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Derrick Henry poised to break Hall's career rushing record


2:56 PM, Nov. 15, 2012 EST

Derrick Henry (right) is poised to break Ken Hall's 59-year-old career rushing record. / Texas Sports Hall of Fame, AP

Derrick Henry is trying to be modest.

The Yulee (Fla.) senior running back has rushed for at least 100 yards in every game of his high school career, yet he’s hesitant to concede that he’ll pick up the 102 yards he needs to break a 59-year-old record in Friday’s playoff game against Taylor County (Perry, Fla.).

“You just never know,” said Henry, whose 11,130 career rushing yards rank second on the all-time list to Sugar Land (Texas) running back Ken Hall. “There’s no guarantee.”

After Henry was told that his coach, Bobby Ramsay, said Yulee will be in trouble if Henry doesn’t break the mark by halftime, the Alabama commit gave in.

“Okay, I don’t wanna overlook our opponent,” Henry said. “But yeah, I’ll have that by halftime, if not sooner.”

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It’s hard to doubt a guy who needed less than three quarters to rack up 409 yards in last week’s win over Hamilton County (Jasper, Fla.).

“I honestly haven’t even thought about how big it is,” Henry said of potentially breaking the record. “Which is weird to say, because I’ve looked up the history of the record and Mr. Hall. He was ridiculous.”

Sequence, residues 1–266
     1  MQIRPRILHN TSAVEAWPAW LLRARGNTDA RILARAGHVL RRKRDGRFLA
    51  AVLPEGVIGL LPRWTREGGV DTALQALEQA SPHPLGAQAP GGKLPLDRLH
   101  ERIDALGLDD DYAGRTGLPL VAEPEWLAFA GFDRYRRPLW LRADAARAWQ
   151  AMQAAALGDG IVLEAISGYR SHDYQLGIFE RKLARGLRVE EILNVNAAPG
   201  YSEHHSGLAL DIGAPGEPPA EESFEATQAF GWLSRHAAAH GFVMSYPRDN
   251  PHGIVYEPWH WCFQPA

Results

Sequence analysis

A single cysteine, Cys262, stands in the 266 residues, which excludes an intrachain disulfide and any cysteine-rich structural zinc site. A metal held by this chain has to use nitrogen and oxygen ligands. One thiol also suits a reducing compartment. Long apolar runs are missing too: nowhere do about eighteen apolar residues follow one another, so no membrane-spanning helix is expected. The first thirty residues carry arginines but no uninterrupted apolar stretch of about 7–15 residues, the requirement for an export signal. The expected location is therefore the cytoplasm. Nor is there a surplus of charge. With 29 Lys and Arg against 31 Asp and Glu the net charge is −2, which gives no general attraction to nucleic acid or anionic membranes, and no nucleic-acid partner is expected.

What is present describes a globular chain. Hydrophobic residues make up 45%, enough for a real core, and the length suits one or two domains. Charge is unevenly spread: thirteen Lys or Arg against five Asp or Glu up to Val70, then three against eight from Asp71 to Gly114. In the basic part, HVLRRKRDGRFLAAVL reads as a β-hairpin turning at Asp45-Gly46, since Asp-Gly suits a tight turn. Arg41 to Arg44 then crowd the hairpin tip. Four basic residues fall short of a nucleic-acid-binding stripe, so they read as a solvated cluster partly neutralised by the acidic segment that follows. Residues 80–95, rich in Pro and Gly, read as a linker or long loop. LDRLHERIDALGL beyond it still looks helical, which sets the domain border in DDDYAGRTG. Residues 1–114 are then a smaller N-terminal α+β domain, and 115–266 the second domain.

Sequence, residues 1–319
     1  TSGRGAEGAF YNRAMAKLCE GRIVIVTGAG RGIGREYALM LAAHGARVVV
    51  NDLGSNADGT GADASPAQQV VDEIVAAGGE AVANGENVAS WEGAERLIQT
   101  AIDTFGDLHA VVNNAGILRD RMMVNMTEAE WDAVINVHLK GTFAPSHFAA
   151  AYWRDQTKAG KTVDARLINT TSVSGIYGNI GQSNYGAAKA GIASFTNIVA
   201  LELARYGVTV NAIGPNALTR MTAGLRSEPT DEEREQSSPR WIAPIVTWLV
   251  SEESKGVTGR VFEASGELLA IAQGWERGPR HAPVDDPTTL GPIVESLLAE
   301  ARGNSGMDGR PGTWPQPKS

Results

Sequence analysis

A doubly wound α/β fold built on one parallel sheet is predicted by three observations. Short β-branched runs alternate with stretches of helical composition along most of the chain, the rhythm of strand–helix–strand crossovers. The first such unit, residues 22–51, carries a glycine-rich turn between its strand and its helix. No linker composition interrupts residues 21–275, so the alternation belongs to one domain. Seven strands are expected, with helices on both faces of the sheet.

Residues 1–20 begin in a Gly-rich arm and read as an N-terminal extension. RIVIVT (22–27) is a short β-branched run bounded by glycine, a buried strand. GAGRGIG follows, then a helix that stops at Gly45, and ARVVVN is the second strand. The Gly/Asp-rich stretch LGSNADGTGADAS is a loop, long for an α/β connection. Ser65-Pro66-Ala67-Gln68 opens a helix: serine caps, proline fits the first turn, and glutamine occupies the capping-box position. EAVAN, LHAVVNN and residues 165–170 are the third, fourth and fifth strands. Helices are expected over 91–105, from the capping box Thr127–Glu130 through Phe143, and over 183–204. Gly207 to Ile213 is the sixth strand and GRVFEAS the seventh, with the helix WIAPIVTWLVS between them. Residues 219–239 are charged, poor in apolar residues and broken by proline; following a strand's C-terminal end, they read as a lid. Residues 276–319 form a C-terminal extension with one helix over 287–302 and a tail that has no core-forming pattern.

Hall, who rushed for 11,232 yards in his high school career from 1950-53, was dubbed the Sugar Land Express. He went on to play for legendary coach Paul “Bear” Bryant at Texas A&M before stints in the CFL, NFL and AFL. He was inducted into the National Federation of High Schools Hall of Fame in 1983.

“No one was seeing Mr. Hall,” Henry said. “He was just a monster. It’s definitely an honor to be mentioned in the same breath as him. Of course I want the record though.”

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Friday’s opponent, Taylor County, has shut down the run over the last four games, allowing just 50 yards a game. Still, Bulldogs coach Ryan Smith said he knows those games “weren’t against a running back of Henry’s caliber.”

“We’re not naïve; look what he averages,” Smith said. “I mean that kid’s a big ol’ Humvee coming right up the middle. He’s just good. No two ways about it.”

Hall, who Sports Illustrated dubbed “the best high school football player ever,” said he has been told countless times that his record would never be broken.

“I’d come back and tell those people that no matter how long it takes, all records will be broken,” he said. “I’m happy for the young man. From everything I’ve read he seems like a great kid, and I’m proud that he’s the one who will get the record. When something’s lasted this long of course there’s some degree of it being a little bittersweet, but I want him to break it and go on and break even more records. Hopefully I’ll be able to shake his hand one day soon.”

Henry said a meeting with Hall “would be a dream come true,” but for now he’s focused on making sure that, when it happens, Hall’s handshake will be congratulatory.

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“To be the all-time rushing leader, it’s just something that hasn’t hit me yet,” Henry said. “It will be an honor. People wait all their lives to do things like this, and it could be something I actually accomplish by the end of this game.”  

If not sooner.

Follow Jason Jordan on Twitter @JayJayUSATODAY.

 

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